CADASIL Notch3 Mutant Proteins Localize to the Cell Surface and Bind Ligand
Cerebral autosomal-dominant arteriopathy with subcortical infarcts and leukoencephalopathy (CADASIL) is a vascular dementia arising from abnormal arteriolar vascular smooth muscle cells. CADASIL results from mutations in Notch3 that alter the number of cysteine residues in the extracellular epidermal growth factor–like repeats, important for ligand binding. It is not known whether CADASIL mutations lead to loss or gain of Notch3 receptor function. To examine the functional consequences of CADASIL mutations, we engineered 4 CADASIL-like mutations into rat Notch3 and have shown that the presence of an unpaired cysteine does not impair cell-surface expression or ligand binding.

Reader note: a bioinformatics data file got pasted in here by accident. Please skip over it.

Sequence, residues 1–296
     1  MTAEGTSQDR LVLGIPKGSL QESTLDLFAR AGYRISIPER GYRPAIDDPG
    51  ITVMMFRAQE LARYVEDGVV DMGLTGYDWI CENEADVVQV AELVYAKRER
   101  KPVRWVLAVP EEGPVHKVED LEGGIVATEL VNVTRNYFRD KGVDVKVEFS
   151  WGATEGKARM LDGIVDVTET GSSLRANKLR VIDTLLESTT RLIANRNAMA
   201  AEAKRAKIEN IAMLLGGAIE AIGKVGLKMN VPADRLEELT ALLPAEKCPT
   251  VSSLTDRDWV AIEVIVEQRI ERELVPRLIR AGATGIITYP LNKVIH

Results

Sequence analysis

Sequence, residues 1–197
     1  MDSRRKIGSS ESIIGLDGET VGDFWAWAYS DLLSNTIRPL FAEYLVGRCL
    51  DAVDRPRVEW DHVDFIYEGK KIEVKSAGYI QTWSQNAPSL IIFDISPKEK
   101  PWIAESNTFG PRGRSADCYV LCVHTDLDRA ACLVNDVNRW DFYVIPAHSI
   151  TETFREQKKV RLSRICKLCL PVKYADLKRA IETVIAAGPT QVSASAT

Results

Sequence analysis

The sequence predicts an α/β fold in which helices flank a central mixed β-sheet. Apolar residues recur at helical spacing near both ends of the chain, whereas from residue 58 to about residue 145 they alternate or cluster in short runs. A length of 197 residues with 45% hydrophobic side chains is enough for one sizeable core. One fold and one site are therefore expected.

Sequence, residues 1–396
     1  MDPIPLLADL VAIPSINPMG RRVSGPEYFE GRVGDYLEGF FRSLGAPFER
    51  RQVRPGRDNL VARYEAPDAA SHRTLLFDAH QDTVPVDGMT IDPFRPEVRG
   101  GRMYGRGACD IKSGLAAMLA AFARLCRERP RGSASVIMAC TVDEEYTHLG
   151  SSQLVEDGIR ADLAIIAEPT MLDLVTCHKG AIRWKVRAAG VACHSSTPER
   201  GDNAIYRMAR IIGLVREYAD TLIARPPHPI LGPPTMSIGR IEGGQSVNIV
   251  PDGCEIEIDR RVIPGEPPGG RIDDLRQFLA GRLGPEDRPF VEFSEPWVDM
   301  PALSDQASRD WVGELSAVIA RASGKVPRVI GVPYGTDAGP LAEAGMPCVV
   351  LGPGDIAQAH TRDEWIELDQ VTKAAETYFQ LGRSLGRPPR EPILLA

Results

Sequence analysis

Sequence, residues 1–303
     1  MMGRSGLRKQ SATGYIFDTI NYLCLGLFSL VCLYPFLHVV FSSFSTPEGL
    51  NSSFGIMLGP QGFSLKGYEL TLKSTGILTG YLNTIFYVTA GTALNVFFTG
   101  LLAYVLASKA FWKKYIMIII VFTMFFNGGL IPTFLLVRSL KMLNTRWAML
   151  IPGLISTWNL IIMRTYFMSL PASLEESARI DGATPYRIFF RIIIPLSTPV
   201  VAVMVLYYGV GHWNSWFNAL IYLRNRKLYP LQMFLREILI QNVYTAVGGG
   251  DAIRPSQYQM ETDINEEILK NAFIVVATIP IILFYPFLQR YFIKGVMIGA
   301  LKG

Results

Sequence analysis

Cerebral autosomal-dominant arteriopathy with subcortical infarcts and leukoencephalopathy (CADASIL) is an inherited vascular dementia caused by mutations in NOTCH3. Pathologically, CADASIL is characterized by replacement of arteriolar vascular smooth muscle cells (VSMCs) by a granular material that closely associates with Notch3 extracellular domain (N3ECD) immunoreactivity.1,2⇓ Consistent with the observed defects in CADASIL, arteriolar VSMCs express Notch3,2,3⇓ a member of a family of transmembrane receptors crucial for cell fate determinations.4 Notch receptors consist of an intracellular domain (ICD) required for signal transduction and an extracellular domain (ECD) containing 29 to 36 epidermal growth factor–like repeats (EGFRs), each with 6 conserved cysteines.4 EGFR-11 and -12 are required for DSL (Delta, Serrate, LAG2) ligand binding,5 and CADASIL mutations introduce or delete a single cysteine1,6⇓ within certain EGFRs. However, it is unknown whether CADASIL mutations lead to a loss or gain in Notch3 receptor function.